Single-channel video installation with audio, modified SNES
8 minute 29 second seamless loop
Cruis’n Alaska is an audiovisual installation that takes the form of a dysfunctional video game. Presented via a modified Super Nintendo Entertainment System in which gameplay is stuck on an infinite “GAME OVER” screen, players are informed, “THE GLACIER MELTED BEFORE YOU COULD EXPLORE THE BAY / BETTER LUCK NEXT TIME! / PUSH BUTTON B TO SELECT A WORLD.” However, upon inspection of the controller, the B button is missing—a playful challenge to the techno-utopian belief that humans can innovate their way out of ecological disaster.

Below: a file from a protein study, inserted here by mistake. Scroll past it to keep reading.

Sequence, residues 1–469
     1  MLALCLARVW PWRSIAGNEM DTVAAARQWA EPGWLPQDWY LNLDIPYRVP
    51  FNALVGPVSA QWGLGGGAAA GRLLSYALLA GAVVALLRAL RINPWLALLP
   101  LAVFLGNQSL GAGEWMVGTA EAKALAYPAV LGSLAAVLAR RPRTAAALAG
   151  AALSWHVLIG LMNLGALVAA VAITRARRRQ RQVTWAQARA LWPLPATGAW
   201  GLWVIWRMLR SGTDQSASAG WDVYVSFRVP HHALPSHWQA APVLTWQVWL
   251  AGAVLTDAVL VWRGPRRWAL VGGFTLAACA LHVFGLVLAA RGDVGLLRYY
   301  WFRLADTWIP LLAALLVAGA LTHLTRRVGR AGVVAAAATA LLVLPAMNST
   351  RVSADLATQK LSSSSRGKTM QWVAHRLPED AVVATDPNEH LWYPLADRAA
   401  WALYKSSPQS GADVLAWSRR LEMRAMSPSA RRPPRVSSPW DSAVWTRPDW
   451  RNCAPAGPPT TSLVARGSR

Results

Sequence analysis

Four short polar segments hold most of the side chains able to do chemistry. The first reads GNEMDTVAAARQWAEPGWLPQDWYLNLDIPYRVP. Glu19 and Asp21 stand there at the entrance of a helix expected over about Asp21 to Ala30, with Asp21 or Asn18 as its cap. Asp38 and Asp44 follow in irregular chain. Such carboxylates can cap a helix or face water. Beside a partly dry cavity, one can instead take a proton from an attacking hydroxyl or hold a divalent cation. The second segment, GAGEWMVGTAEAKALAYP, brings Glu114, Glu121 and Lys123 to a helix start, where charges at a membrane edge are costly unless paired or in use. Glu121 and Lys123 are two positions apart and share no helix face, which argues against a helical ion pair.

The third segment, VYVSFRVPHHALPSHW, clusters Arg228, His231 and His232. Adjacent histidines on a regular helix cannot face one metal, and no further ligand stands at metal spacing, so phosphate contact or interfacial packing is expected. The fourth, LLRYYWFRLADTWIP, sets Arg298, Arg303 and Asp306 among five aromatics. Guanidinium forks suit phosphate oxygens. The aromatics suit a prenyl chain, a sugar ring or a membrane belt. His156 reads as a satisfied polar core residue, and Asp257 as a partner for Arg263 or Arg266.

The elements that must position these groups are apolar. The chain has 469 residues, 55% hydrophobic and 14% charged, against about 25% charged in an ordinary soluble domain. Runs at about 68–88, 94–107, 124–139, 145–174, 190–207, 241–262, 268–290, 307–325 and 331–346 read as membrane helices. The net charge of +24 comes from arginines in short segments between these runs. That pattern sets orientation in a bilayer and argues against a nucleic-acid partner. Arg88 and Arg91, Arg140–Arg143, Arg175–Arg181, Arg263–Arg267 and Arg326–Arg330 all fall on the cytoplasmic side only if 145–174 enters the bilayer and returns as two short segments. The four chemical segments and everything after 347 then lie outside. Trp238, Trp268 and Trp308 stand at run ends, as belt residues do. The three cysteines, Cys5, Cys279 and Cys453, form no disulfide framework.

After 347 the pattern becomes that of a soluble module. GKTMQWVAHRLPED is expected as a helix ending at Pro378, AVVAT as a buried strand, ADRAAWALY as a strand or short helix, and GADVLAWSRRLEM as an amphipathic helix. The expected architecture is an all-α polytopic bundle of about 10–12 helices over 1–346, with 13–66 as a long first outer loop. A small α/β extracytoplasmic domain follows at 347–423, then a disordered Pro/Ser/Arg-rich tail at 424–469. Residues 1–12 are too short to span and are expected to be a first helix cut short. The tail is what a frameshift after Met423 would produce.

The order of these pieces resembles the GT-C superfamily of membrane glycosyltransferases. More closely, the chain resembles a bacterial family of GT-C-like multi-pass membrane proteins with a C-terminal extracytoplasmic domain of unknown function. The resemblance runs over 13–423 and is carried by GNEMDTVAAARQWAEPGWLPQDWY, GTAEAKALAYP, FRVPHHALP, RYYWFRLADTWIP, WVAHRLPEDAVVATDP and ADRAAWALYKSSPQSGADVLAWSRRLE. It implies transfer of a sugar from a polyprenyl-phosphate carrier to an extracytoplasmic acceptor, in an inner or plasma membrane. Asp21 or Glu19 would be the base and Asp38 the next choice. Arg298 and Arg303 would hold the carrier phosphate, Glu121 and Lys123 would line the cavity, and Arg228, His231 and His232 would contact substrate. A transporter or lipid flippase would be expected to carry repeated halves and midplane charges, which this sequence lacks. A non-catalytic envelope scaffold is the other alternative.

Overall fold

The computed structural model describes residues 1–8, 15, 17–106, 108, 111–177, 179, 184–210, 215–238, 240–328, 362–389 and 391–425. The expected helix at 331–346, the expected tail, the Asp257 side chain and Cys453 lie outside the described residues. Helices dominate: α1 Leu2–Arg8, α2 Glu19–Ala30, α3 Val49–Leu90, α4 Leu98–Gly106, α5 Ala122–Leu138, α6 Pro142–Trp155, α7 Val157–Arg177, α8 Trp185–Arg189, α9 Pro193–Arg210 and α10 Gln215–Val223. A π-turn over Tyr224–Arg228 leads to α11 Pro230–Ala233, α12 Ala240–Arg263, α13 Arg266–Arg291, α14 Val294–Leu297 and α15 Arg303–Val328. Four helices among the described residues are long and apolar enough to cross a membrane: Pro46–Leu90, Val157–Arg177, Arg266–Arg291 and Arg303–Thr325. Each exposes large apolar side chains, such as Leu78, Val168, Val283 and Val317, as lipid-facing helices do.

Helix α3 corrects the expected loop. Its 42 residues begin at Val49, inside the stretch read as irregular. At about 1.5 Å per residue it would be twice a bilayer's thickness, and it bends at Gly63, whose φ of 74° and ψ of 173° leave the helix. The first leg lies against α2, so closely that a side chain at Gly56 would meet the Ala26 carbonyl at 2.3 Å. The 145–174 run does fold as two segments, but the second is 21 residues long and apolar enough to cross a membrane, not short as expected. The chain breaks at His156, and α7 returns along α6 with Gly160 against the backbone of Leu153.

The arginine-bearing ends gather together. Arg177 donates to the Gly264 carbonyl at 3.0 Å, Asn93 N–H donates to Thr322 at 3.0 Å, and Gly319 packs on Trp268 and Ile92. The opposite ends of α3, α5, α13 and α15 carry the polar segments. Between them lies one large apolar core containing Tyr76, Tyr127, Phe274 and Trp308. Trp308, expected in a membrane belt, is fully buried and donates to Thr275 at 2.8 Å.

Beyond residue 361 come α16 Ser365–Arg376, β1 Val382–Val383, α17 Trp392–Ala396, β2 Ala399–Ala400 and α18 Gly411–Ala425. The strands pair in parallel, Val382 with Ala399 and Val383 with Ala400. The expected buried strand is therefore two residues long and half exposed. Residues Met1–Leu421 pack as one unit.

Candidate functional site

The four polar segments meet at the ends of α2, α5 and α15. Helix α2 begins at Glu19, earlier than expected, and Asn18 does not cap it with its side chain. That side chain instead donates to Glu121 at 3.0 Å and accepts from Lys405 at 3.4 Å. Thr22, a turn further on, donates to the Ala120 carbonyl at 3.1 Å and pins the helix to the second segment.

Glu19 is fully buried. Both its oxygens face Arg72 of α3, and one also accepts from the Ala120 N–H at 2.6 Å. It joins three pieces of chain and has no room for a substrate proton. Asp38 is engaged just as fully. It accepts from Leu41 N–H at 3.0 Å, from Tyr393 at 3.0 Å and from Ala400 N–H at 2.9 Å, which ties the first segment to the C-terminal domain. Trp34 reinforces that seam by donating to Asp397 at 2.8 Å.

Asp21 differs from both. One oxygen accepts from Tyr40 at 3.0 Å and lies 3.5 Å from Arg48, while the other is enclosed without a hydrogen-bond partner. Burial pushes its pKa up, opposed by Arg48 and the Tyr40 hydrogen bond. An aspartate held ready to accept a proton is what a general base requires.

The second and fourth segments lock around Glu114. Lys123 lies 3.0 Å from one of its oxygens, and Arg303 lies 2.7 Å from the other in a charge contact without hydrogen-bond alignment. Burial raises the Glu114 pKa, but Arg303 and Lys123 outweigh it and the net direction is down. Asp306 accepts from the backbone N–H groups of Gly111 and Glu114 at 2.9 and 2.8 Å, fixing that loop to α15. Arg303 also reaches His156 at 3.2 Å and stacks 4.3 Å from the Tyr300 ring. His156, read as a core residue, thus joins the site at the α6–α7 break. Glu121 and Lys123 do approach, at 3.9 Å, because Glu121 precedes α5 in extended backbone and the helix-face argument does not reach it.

The slow, somber “funeral waltz” samples the theme from Super Mario Bros.’ underwater-world, and the open water seascape footage was filmed during a cruise line tour of the Gulf of Alaska. The fictional cartridge label depicts our likeness—white, cis, hetero, able-bodied, and financially secure—acknowledging the tragic irony of this group’s simultaneous complicity in, yet insulation from, climate change and its disastrous impacts.
Climate change tourism is a form of disaster tourism, similar to poverty tourism, in that it turns tragedy into entertainment. This privileged distance—of trauma that can be momentarily experienced and then escaped—is also a hallmark of video games. In Cruis’n Alaska, we co-opt this tool of distraction to suggest that individual agency lies outside of our rigged systems; in real life there is no reset button.